Jungian analysis

Jungian analysis (psychoanalysis) is a deep and intense process, where a significant increase of self-knowledge and a transformation of personality that allows an expression of the psychological fullness of man play a key role. The goal of analysis differs from that of psychotherapy. It doesn’t have to be defined as healing in the conventional sense. It deals with understanding, a quest for finding a deeper sense of life and making the unconsicous conscious; and a profound inner change that results.

Carl Jung stressed the importance of cultural, mythological, initiatic and spiritual aspects of analysis. A person who undergoes it not only recognizes personal complexes and intrapsychic processes, but also the collective and archetypal regions of the unconscious, both in their difficult and dark aspects and those creative and salvific. One can therefore approach a wider dimension of life and develop a character that is capable of confronting the universal questions of mankind.

For those reasons the candidates for analysis are often those creative, autoreflective, seeking but also well rooted in everyday reality individuals, who wish to experience life more fully or to look for answers for difficult questions, as well as those with a spiritual outlook on life.

In this kind of work dream analysis, active imagination and a deep inquiry into the nature and processes of interpersonal relationships, including that with the analyst, play a prominent role.

In the course of analysis, therapeutic aspects of work may show up. However, if the candidate for analysis is currently dealing with deeper issues of psychological nature, therapeutic work is first needed.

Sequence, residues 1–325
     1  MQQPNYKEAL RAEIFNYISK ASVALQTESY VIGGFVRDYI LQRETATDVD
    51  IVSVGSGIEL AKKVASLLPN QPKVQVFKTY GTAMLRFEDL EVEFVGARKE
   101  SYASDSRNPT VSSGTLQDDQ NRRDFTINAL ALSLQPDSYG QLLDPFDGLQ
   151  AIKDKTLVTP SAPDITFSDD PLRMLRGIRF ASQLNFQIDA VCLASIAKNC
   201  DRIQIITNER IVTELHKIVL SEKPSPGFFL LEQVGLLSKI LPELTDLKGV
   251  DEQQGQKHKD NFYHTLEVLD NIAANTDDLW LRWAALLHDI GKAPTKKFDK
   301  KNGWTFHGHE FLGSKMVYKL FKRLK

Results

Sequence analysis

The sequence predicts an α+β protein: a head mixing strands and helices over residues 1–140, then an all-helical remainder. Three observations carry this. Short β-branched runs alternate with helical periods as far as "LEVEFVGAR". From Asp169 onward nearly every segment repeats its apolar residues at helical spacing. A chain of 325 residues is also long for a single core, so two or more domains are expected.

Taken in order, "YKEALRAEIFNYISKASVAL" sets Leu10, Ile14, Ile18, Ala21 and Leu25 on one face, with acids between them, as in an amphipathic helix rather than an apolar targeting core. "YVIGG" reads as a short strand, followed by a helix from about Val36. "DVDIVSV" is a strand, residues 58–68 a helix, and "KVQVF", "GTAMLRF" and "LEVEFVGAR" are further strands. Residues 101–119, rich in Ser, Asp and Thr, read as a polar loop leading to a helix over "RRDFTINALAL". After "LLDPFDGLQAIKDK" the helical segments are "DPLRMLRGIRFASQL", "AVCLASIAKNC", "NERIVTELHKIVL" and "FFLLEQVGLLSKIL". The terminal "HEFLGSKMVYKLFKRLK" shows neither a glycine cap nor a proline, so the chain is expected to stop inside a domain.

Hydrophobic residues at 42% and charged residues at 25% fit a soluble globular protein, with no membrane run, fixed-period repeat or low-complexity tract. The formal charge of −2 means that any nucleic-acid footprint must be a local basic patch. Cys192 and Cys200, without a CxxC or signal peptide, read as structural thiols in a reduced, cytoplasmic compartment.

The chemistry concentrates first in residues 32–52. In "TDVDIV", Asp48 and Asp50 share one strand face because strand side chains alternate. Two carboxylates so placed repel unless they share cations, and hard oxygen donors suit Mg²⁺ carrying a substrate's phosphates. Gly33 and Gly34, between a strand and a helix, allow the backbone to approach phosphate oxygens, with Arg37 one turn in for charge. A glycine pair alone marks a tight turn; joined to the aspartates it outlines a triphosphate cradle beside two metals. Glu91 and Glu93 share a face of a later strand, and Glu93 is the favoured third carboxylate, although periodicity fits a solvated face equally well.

Analysis requires more frequent sessions than most psychotherapeutic processes; 2-3 times a week is a typical setting.

Who is qualified to conduct Jungian analysis?

Only certified Jungian Analysts are qualified to offer Jungian analysis. They have all completed training programs either in individual mode, with the International Association for Analytical Psychology (IAAP), or by one of the institutes recognized by the IAAP. You can find a list of those institutes on the webpage of the IAAP. A recognized training always takes many years of learning that includes personal analysis, supervision, attending seminars and clinical internship and work experience.

In Poland there are two associations connected with the IAAP that have Jungian Analysts as their members. These are: the Polish Association for Analytical Psychology (PTPA) and the Polish Association of Jungian Analysis (PAJA/PTPJ). The webpages of those societies have a list of members who have the qualifications to conduct Jungian analysis. In Poland, neither psychotherapy nor psychoanalysis are regulated by law. Therefore, when starting a therapeutic or analytical process, it’s always good to check the qualifications of the person we want to work with.